On the basketball court, he's unflappable, this lanky kid from Rotorua. Off court, the same - journalists love Steven Adams for his quirky interviews and laid-back style.
Today, it was confirmed the 23-year-old had signed a US$102 million ($142 million), four-year NBA contract with the Oklahoma City Thunder.
It's an almost unfathomable sum, and far in excess of his restricted rookie wage of less than $5 million.
What will it mean to Adams? Not that much, says the woman who helped raise him, and guided his first efforts on the basketball court.
Blossom Cameron became Adams' guardian when he moved to Wellington in his early teens. She was also his first basketball coach, when he began making his mark at Scots College.
Cameron, who considers herself Adams' mother, was pleased for his success, but non-plussed by the dollars involved. She reckons Adams will feel the same.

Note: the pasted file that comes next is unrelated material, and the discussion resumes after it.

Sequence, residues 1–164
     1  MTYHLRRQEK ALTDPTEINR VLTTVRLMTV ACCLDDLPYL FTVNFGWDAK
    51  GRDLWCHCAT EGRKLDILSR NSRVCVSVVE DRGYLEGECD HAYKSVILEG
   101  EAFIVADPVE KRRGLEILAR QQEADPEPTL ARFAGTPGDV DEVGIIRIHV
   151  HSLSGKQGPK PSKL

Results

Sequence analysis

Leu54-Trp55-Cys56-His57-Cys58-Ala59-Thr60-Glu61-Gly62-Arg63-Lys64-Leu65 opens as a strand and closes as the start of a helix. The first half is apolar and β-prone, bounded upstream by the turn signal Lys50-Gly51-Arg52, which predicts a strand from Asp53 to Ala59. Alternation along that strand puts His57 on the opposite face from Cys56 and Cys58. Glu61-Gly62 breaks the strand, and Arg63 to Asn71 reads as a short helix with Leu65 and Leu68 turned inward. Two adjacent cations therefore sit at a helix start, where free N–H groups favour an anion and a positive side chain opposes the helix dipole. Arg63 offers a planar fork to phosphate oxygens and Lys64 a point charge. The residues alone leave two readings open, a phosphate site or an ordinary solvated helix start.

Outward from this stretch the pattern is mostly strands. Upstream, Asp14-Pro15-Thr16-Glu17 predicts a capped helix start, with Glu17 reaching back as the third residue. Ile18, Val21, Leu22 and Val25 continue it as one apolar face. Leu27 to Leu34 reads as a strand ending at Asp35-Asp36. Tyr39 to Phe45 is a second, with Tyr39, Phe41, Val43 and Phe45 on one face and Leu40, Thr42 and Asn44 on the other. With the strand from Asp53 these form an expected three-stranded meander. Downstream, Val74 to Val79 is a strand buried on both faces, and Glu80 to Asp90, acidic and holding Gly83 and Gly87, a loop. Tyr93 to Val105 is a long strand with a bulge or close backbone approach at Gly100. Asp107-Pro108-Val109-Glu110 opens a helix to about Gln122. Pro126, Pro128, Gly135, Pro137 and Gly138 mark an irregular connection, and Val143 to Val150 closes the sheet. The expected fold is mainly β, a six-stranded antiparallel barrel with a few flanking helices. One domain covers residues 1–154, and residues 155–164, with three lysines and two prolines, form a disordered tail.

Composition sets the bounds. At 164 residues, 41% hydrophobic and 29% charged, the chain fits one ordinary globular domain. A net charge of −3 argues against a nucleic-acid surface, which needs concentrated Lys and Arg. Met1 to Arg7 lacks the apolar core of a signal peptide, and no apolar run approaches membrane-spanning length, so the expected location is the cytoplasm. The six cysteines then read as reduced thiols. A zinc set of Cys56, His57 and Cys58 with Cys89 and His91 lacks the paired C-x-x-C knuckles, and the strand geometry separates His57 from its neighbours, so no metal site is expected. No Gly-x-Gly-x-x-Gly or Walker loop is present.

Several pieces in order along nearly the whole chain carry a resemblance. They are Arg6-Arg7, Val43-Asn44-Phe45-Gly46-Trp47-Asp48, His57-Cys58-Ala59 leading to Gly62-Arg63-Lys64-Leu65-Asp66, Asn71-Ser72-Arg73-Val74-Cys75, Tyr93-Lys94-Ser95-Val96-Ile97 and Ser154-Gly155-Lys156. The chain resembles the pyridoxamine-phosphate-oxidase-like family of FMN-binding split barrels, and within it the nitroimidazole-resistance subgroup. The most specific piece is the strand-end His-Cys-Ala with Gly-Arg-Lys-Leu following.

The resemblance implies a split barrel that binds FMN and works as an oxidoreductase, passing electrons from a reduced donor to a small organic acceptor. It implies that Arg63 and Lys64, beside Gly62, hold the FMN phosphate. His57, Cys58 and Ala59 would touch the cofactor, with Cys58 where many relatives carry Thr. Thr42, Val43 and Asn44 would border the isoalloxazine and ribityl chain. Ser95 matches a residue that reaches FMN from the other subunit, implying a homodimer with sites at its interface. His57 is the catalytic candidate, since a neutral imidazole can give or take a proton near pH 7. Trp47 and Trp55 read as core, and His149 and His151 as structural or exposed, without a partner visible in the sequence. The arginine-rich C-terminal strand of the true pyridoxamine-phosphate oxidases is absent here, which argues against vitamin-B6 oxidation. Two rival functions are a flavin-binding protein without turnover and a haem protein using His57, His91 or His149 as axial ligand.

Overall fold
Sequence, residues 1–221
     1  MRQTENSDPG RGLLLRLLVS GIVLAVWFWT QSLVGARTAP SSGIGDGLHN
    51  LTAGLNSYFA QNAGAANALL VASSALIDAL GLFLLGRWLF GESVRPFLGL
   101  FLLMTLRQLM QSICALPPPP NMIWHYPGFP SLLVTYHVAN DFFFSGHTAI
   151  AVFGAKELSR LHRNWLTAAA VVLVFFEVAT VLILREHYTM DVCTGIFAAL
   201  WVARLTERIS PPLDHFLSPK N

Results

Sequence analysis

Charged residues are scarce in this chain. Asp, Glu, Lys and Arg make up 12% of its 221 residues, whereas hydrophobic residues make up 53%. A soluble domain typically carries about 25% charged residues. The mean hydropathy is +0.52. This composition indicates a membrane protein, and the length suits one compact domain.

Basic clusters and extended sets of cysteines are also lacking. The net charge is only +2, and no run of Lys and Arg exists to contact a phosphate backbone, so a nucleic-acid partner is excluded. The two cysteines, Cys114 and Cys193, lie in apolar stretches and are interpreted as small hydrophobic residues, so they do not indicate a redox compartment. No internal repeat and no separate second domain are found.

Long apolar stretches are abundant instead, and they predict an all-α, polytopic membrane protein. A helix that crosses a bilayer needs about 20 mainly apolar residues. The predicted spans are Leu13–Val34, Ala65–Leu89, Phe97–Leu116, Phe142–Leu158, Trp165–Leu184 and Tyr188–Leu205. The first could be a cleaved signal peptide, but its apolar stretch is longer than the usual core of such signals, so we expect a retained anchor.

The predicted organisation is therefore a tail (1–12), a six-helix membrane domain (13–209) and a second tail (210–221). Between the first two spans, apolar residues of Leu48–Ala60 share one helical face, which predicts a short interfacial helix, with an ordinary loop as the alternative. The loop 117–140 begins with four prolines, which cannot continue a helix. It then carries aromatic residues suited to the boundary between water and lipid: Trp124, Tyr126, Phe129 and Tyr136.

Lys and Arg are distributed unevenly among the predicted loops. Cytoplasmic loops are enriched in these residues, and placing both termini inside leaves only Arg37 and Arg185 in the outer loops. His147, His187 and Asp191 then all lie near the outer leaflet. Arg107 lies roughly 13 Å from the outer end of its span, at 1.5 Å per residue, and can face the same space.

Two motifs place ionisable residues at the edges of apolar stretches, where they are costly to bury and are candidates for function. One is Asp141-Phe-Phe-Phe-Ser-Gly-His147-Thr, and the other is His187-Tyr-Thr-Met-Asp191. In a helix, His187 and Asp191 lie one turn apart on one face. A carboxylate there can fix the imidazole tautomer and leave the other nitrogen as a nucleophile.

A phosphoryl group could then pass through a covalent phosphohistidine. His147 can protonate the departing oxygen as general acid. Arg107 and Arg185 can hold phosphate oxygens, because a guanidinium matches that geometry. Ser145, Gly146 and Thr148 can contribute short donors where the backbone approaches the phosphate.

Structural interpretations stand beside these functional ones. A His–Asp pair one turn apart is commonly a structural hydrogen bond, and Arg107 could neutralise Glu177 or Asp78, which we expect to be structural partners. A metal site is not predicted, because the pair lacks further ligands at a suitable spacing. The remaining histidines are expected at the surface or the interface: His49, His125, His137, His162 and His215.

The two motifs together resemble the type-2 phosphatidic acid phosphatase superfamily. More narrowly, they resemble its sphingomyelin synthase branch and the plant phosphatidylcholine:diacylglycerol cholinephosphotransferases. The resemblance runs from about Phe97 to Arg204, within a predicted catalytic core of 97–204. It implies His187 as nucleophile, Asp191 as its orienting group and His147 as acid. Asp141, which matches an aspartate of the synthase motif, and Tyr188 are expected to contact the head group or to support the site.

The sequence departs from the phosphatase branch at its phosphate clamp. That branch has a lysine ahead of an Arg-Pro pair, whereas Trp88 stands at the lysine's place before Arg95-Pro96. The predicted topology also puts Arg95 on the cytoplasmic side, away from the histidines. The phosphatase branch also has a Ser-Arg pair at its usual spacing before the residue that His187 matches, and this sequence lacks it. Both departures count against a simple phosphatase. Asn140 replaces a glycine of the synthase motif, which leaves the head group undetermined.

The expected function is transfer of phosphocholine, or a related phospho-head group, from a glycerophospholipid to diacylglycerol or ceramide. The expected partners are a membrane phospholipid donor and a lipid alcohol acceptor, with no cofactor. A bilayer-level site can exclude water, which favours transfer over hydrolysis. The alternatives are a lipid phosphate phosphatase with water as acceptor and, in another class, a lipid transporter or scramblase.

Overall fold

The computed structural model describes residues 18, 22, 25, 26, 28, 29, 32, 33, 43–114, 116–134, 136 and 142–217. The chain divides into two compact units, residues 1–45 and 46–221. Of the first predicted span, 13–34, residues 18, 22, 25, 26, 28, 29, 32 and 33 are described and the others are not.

"He's just doing what he should be doing and getting paid what he should be getting paid. As long as he's paying his bills and he's happy that's all that matters to me as a parent.
"I don't care if he gets $1, as long as he's happy."
Adams, who started in college basketball at Pittsburgh before moving to the NBA three years ago, is known as a busy player, good on defence, niggly and always willing to put the team first.
The 2.13m tall centre has always had to fight for his future. His wasn't an easy start to life.
He's famously the half-brother of double Olympic shot put champion Valerie Adams. Their father, Sid, who died when Adams was 13, is said to have fathered 18 children, possibly even 21. Adams' mother is said not to have been a big part of his life.
Did his circumstances make him determined? Maybe.
Cameron remembers him as a normal kid, with no real aspirations. But he always gave his best.
"He always wanted to be good at what he was doing, he worked hard whether it was at school or in basketball ... he was trying to get on in life without any parents. He was determined to do this and he did it. Look at him."